Land court decision rocks New Acland Mine
A COURT has recommended New Hope's controversial New Acland stage three expansion be rejected.
The Queensland Land Court on Wednesday recommended the Queensland Government to not allow the mine, near Oakey, be expanded.
Environmental groups and residents of the Acland area had challenged the expansion which they argued would damage their water and air quality and impact their quality of life.
The court agreed and urged the Government to refuse the expansion.
Despite acknowledging the mine would have significant economic benefits and despite dismissing environmental concerns, Land Court member Paul Smith on Wednesday recommended the Queensland Government not allow the expansion.
Environmental groups and residents of the Acland area challenged the mine's expansion, arguing it would damage their water and air quality and impact their quality of life.
In a 459-page judgment, Mr Smith agreed the expansion had the potential to "adversely affect" groundwater for "hundreds of years to come". He said this was a breach of "intergenerational equity" and was reason to refuse the proposal.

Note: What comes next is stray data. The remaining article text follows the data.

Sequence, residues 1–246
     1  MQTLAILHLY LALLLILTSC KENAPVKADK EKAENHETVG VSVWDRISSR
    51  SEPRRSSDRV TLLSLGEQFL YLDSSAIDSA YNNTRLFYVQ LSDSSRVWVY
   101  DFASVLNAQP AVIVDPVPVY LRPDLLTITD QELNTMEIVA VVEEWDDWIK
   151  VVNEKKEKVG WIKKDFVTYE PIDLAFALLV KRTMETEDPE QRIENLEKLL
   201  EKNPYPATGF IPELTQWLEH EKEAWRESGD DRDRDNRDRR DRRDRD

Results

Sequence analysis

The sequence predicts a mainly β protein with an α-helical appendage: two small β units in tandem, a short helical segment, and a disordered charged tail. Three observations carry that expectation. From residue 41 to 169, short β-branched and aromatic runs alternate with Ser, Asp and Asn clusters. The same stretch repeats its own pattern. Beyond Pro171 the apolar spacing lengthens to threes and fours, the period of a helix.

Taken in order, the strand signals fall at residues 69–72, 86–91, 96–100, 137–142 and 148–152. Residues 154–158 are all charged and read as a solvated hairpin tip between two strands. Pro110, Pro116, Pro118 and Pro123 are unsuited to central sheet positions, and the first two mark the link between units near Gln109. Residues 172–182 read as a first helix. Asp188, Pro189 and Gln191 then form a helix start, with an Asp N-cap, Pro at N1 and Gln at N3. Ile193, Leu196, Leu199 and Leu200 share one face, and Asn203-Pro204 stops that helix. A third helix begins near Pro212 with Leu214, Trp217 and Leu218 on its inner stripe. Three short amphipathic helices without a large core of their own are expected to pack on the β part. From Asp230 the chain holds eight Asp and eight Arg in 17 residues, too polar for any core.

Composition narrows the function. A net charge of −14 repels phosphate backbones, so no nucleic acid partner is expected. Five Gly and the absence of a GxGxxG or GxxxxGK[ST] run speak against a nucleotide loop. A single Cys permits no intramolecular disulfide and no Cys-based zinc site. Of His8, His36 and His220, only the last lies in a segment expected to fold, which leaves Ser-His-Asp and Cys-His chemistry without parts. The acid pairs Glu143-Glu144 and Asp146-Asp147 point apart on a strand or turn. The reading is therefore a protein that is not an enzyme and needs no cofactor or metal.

Mr Smith said even New Hope's water experts raised concerns about the impact on water supplies.
Outside court, landholder Noel Wieck broke down as he called on the government to uphold the court's decision.
"We knew the groundwater was under threat (from the proposed expansion)," he said.
"This will be my 58th year farming that property. My family's roots in the area are pretty deep.
"I never thought I'd be cross-examining someone in court, but I reckon I did pretty well."
Mr Smith ruled the mine expansion should not go ahead although it would likely provide "significant economic benefit" to the area, state and nation.
"I am concerned as to the impact on groundwater of neighbouring properties but, on an economic level alone, the revised Stage 3 project is of greater value than agricultural pursuits, even over the long term," he said.
Mr Smith said he did not believe the expansion would have impacted climate change as coal from other parts of the world would be burnt in its place.
New Hope was in a trading halt on Wednesday, pending an announcement from the company. It declined to comment.
Mines Minister Anthony Lynham did not respond to requests for comment on Wednesday.